Paddling around and through The Narrows on Flathead Lake offers the paddler a wide range of possibilities and variations. One island leads to another; intense sunlight gives way to shade, and shade to a blast of light; deep open water ends suddenly in a sparkling ramp of stones or a reef. This is simply a great place to paddle.

After driving north from town on a hot day in July, I can hardly wait to get my boat in the water. I make myself wait through the process of setting up camp, erecting the tent and an alcove for shade around the picnic table. I fill the big blue jug and placed it on the bench at a slight angle so that water will flow through the spout with a little pressure. I make myself wait for friends who are delayed in town but who plan to rendezvous with us. When everything is finally in order and friends found their way to the spot we reserved for them I slip Bluebird in the water and begin to paddle toward the unnamed island just to the northeast of Bull Island. I can easily complete this four-mile paddle before dinner.

In years past a pair of bald eagles raised their seasonal broods in a big nest on the south side of the island. I want to see if the nest is active this year. My attention is soon drawn to the conditions, however. As high pressure builds in the region, a strong wind blows out of the north. Whitecaps begin to form in the open water between the state park at Finley Point and the island. The wind and waves give me the resistance I need after containing my energies in camp: I need to paddle against something. At last I can express my own energy openly and fully.

In the distance I can see the smooth water of the island’s lee, the body of the island and tall pines blocking most of the wind. I slip into the quiet and catch my breath. Even here, though, I can hear the wind on the other side of the island and the waves crashing on the north-facing shore. I begin to paddle cautiously along the west side of the island. I feel safe enough paddling directly into the force of the wind and waves. I pull a few yards past the north shore of the island and feel daunted by the big dark waves that break against the ramp of rock leading to the body of the island. I know that turning my boat sideways to these forces could easily result in a spill. If this were to happen, my boat and I would be thrown against the rocks on shore. While holding my position straight into the wind and waves I consider a couple of options: I can back away into the relative calm water of the west shore and return the way I came, or I can wait for the best possible interval between waves, paddle hard through the opening, and begin the process of rounding the small island’s north side.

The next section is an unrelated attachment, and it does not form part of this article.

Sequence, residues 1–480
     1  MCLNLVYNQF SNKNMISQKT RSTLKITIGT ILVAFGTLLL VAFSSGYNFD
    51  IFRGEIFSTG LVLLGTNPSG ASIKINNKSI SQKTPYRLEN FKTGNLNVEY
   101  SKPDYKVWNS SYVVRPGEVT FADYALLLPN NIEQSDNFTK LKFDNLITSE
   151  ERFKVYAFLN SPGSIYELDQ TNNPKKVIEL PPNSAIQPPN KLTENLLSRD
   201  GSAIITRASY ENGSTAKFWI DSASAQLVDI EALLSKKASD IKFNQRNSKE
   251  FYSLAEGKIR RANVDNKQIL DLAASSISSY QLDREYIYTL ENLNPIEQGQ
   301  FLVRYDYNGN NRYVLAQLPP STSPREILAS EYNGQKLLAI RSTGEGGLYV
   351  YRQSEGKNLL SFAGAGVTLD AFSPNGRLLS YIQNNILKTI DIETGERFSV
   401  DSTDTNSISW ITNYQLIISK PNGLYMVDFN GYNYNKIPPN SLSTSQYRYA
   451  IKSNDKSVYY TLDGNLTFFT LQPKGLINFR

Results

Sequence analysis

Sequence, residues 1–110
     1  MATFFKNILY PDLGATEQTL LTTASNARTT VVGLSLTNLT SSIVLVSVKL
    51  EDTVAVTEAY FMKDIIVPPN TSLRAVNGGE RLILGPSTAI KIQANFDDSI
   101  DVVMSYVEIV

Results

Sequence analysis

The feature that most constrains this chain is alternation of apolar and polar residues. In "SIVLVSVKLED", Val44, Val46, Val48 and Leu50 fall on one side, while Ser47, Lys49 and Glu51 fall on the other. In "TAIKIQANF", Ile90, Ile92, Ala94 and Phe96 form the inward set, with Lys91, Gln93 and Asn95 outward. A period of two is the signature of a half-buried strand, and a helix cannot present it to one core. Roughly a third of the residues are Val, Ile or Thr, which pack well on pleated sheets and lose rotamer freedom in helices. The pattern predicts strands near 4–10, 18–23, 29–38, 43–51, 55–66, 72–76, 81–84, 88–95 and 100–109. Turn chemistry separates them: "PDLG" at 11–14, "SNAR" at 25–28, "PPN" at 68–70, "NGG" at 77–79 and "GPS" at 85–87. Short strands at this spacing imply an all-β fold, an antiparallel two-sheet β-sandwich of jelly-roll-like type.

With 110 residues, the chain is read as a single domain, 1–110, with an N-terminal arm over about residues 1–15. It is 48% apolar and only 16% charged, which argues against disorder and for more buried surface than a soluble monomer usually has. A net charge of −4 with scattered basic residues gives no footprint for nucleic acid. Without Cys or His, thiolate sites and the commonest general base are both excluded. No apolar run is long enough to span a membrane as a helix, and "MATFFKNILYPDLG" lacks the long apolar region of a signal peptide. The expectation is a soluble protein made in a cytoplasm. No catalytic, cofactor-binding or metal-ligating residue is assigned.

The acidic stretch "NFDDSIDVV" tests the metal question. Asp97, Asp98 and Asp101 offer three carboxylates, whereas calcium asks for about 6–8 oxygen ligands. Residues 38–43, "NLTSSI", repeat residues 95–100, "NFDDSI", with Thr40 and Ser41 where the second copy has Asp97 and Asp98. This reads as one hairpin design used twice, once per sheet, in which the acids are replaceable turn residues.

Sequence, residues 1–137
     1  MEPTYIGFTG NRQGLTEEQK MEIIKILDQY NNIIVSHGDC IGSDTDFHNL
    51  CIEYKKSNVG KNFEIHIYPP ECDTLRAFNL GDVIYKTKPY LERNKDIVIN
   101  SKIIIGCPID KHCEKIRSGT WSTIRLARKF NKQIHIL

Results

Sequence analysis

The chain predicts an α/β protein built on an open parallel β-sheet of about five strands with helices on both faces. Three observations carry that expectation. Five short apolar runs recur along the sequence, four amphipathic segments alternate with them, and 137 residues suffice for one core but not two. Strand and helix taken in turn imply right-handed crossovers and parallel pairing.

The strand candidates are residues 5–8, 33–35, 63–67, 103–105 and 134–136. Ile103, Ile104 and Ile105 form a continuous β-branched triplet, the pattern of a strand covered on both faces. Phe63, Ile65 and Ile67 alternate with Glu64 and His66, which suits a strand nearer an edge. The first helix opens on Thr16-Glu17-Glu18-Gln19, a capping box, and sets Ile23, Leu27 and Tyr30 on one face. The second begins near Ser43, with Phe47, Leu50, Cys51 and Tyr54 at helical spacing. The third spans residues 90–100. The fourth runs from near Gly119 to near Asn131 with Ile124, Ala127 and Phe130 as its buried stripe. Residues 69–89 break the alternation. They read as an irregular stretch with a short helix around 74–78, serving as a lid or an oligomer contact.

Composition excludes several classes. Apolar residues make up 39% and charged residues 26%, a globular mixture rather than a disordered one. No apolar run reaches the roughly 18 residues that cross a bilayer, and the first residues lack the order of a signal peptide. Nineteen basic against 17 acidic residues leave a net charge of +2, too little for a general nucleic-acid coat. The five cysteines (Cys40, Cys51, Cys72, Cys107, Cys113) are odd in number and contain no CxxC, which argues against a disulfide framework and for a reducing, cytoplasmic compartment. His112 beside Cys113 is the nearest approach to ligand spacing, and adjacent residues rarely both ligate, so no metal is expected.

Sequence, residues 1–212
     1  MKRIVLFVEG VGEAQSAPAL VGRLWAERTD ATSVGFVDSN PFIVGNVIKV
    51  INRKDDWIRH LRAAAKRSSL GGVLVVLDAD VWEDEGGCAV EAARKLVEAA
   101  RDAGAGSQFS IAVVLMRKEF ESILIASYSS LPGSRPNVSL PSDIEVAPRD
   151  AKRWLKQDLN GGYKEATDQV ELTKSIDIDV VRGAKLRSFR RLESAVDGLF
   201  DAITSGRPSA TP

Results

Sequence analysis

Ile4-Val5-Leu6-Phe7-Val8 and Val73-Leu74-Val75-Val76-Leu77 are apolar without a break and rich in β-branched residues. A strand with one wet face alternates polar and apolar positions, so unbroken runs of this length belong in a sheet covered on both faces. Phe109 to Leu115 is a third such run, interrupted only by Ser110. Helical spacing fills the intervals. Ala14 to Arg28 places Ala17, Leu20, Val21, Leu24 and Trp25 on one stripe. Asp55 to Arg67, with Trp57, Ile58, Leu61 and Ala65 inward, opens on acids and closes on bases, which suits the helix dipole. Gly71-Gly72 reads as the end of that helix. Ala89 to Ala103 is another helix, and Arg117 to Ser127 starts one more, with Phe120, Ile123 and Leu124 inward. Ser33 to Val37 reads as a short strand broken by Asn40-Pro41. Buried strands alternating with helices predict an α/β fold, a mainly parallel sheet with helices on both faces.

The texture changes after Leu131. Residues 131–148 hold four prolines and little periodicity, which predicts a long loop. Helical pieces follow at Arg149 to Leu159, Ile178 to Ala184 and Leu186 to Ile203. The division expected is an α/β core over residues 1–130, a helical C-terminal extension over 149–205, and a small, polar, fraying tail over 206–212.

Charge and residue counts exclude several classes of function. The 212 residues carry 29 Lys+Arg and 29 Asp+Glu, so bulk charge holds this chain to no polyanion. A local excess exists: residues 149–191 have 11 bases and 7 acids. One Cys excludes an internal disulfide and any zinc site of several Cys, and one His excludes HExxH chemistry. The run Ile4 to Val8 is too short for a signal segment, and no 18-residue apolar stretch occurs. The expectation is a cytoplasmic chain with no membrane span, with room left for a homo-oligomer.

Trying to make a good decision, I wait in the rolling waves. I simply hold my position and observe the waves. I watch them roll down the fetch of the lake, see how their dark bodies rise and tip over in a white noise of air-saturated foam. In time I begin to get a feel for the rhythm of the waves. When I seem to have the pattern in mind and my energy in hand I wait for one wave to break, accelerate into the opening before the next wave, make several very hard strokes and initiate a turn just as the second wave breaks on my port quarter. I brace hard on my right to keep from being rolled like a log, then accelerate again to build a little distance between the next wave and my boat. In a few seconds I am past the north side of the island and heading for camp. Though I have completed the turn I need to keep my focus. The waves keep breaking on my stern quarter and require a quick brace in response. From time to time I try to paddle fast enough to catch a wave, riding the interval between the approaching wave and the receding one. When one wave passes under me I pause so as to not use up my energy paddling up the backs of waves. In a few minutes I am well on my way back to camp and the feast that awaits us as we gather at the picnic table of campsite #2.

I have often paddled in what I consider the safe range of waves that flow across Flathead Lake (1-2 feet). I have occasionally felt frightened, less by the general train of waves and more by the odd, idiosyncratic wave that seems bigger than the rest. This short paddle, one I have done many times, taught me something new. When I felt frightened by what I saw on the north side of the island—the full expression of the length of the lake’s power, I realized that I did not need to force my way into the tumbling waves. I did not need to maintain the pace that took me to the island. I could hold my position, wait, observe, consider options, and then decide. I could watch long enough to sense the subtle variations in the rhythm of the waves and advance into the best opening possible. I could trust my ability to accelerate, trust my body to adjust to the wave’s tendency to bring me parallel rather than perpendicular to its energies. I could wait for fear to pass and the wisdom of experience and confidence to flow back into my body. Having learned to wait, I made a safe passage around the island’s north shore and coasted back to safety and friends.



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